The tech market today is full of start-ups coming up with great, innovative solutions that are getting hundreds of millions of dollars in funding — and rightly so. What this appears to have led to, is the idea of innovation becoming somewhat synonymous with start-ups. The bigger, more established companies have begun to sit up and take notice of this.
Think about Microsoft announcing at the start of the year that it would continue to invest $1bn per annum in cybersecurity, or Cisco investing $1.4bn into Internet of Things last year. The heavyweights are beginning to take up a start-up-like mentality to try to push forward in areas of emerging technology, in an effort to challenge the innovation that we’re now so used to seeing from start-ups. The trend that has become apparent is that these larger companies are beginning to play catch-up in areas that they’re not particularly well known for — and that is one of the biggest problems for them.
In attempting to keep pace with the innovative start-ups in the tech market, we’re seeing lots of small divisions and departments sprout within the larger companies. Working on emerging technology for their solutions, these smaller departments are very much like start-ups in the way they operate and the difficulties that they face. They have expected results that they need to deliver on, with somewhat limited support from marketing and sales departments that are often preoccupied with the revenue streams that make up for the lion’s share of the company’s profits.
Continuing with the examples of Microsoft and Cisco, cybersecurity and internet of things are not areas of the market that you’d immediately associate with these two companies. With Microsoft, you think Office 365 or Windows. With Cisco, you think networking. The nature of these companies is that they do not have a particularly burgeoning reputation as innovators within these emerging technology sectors, and as such, it’s difficult for these departments to thrive within an environment so heavily geared towards getting the most out of the core business. Marketing and sales have a much easier job in selling Office 365 as opposed to cybersecurity, or selling networking hardware as opposed to internet of things, and this is the reason that the emerging technology departments can find life tough within these bigger companies. To a certain degree, this is understandable: Cisco’s networking services and products make up for 66.1% of its total revenue, and Microsoft’s Office software is comfortably its biggest earner accounting for $23.6bn over the 2016 fiscal year.
What these larger companies are doing well is using their existing portfolio of clients, and cross-selling or up-selling their new solutions to them. And whilst this is a perfectly good option to exercise, it is not one that can be solely relied upon. At some point, these options are exhausted, and new prospects are needed. It’s at this point that they will need a solid strategy and go-to-market — which is further in line with how a start-up operates.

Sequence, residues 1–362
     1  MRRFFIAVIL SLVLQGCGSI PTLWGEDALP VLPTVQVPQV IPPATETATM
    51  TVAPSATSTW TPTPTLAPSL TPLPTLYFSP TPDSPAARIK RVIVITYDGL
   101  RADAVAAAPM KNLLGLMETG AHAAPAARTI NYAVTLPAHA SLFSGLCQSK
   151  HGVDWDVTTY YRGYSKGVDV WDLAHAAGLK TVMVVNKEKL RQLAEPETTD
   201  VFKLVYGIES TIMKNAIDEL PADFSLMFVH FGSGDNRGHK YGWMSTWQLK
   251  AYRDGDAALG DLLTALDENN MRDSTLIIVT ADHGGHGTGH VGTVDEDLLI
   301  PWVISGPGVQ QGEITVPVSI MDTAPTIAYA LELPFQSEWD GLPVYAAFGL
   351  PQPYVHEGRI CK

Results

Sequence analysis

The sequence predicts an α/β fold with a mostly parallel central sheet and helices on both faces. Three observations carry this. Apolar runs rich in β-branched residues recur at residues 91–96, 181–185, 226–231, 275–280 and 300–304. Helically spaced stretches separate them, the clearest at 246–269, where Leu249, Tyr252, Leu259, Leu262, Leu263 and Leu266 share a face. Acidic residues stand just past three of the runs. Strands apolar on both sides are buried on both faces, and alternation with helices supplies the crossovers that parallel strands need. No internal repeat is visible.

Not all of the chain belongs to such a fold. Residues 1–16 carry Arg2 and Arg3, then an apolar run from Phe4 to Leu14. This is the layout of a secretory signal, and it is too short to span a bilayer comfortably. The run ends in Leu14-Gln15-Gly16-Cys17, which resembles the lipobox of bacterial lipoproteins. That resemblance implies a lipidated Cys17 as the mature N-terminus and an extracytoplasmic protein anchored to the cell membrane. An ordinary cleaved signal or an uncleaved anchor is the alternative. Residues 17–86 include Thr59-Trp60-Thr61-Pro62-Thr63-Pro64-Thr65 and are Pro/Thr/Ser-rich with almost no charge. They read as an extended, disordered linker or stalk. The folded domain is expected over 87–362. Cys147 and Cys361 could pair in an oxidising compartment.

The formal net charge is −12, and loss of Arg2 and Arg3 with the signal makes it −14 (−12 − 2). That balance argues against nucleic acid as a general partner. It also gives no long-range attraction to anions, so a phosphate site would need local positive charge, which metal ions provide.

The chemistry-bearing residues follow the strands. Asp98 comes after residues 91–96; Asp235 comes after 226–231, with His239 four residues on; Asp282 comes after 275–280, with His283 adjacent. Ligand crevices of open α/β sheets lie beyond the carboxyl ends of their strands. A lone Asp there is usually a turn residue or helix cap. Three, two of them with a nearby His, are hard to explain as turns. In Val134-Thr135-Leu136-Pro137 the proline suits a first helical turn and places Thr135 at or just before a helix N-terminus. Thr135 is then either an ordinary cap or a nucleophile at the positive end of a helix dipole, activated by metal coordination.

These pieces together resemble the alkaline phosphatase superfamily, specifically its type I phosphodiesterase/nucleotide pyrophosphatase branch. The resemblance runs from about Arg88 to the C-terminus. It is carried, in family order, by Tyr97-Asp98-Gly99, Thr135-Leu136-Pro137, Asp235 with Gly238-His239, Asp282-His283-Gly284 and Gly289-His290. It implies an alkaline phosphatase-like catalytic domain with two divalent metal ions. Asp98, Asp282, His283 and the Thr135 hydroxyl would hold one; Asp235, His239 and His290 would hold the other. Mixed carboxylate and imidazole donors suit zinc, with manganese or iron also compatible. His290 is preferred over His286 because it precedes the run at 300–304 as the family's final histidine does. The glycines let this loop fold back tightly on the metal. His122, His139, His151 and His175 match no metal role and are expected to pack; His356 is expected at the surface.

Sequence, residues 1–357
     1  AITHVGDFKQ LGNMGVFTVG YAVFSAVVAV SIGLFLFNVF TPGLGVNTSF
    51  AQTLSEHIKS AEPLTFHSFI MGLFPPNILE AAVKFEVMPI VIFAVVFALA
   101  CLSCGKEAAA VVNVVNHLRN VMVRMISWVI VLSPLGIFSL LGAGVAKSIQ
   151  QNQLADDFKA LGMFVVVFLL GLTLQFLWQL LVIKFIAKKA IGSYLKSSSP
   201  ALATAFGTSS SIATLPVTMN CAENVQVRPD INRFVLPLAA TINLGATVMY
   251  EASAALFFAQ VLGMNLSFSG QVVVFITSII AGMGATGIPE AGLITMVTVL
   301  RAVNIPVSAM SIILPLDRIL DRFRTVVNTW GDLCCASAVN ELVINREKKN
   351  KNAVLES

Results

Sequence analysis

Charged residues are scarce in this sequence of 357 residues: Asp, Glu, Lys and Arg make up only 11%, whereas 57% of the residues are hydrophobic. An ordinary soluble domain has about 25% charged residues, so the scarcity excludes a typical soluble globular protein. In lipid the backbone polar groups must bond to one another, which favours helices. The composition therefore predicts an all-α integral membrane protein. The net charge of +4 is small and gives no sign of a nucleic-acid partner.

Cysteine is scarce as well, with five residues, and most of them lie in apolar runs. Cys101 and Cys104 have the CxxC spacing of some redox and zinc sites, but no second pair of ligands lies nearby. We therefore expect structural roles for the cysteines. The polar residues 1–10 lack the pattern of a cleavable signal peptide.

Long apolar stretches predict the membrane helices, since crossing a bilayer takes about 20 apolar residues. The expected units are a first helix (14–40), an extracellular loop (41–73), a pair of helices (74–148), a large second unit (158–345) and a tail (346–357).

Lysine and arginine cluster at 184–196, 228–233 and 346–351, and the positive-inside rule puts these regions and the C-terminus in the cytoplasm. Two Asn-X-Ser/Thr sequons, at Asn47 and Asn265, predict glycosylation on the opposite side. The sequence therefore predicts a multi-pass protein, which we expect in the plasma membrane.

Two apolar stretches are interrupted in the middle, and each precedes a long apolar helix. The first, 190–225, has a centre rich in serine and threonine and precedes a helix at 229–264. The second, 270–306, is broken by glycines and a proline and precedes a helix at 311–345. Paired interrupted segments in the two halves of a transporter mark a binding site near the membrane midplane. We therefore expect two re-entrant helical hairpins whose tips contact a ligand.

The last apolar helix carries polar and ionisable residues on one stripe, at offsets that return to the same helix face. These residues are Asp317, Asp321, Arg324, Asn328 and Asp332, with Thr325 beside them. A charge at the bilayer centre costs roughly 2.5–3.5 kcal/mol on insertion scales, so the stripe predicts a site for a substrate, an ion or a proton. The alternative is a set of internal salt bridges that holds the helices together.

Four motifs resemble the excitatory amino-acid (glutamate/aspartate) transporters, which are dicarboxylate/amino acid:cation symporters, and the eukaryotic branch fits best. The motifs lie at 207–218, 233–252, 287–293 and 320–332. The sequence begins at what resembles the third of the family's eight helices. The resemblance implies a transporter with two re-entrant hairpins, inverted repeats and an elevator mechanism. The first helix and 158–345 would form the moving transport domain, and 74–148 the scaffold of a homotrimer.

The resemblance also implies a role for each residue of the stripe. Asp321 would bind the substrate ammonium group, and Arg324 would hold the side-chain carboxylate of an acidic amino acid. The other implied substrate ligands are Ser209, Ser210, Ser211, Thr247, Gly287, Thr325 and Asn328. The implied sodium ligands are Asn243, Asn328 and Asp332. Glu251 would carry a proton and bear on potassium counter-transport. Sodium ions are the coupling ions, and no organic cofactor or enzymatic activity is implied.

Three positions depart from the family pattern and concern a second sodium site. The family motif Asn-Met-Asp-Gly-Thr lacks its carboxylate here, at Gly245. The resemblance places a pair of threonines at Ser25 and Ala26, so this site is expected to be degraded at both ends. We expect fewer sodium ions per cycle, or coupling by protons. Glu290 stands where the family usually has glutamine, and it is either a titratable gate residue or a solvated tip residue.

Of course, not all emerging tech departments in large companies struggle to make an impact. Some do just fine. But we’ve seen some of these challenges first-hand here at Operatix, having worked with smaller organizations within large companies such as TippingPoint, ProCurve, and Documentum. To varying degrees these organizations were experiencing some of the issues we mentioned above: a lack of support from the core business, a lack of experience selling to new persona, and a market perception that needed to be changed.
The solution that we offered revolved around allowing these companies to take charge of their own destiny. With ProCurve and TippingPoint being a part of the wider HP organization, and Documentum being a part of EMC (at the time), their focus was initially set on inbound, reactive activity. This was to be expected, of course. With all the inbound interest that large organizations such as HP and EMC generate, their sales teams were somewhat rusty with the outbound skills needed to push their emerging technologies. This is where we stepped in. Changing their tactics from a reactive, inbound marketing reliant approach to a proactive, account-based sales approach worked wonders. We also helped these organizations to go out and make critical engagements with personas that weren’t aware of the emerging tech on offer.
We understand that innovation is a necessity nowadays, and large companies are increasingly doing their fair share — regardless of the difficulties. When all is said and done however, there is no magical, blanket solution applicable to struggling new departments in large companies. As we’ve previously outlined in this article, there are remarkable similarities between emerging tech departments in large companies and innovative start-ups.
These start-ups often find great success outsourcing their sales activities and this is where emerging tech departments in large companies could also see similar results.
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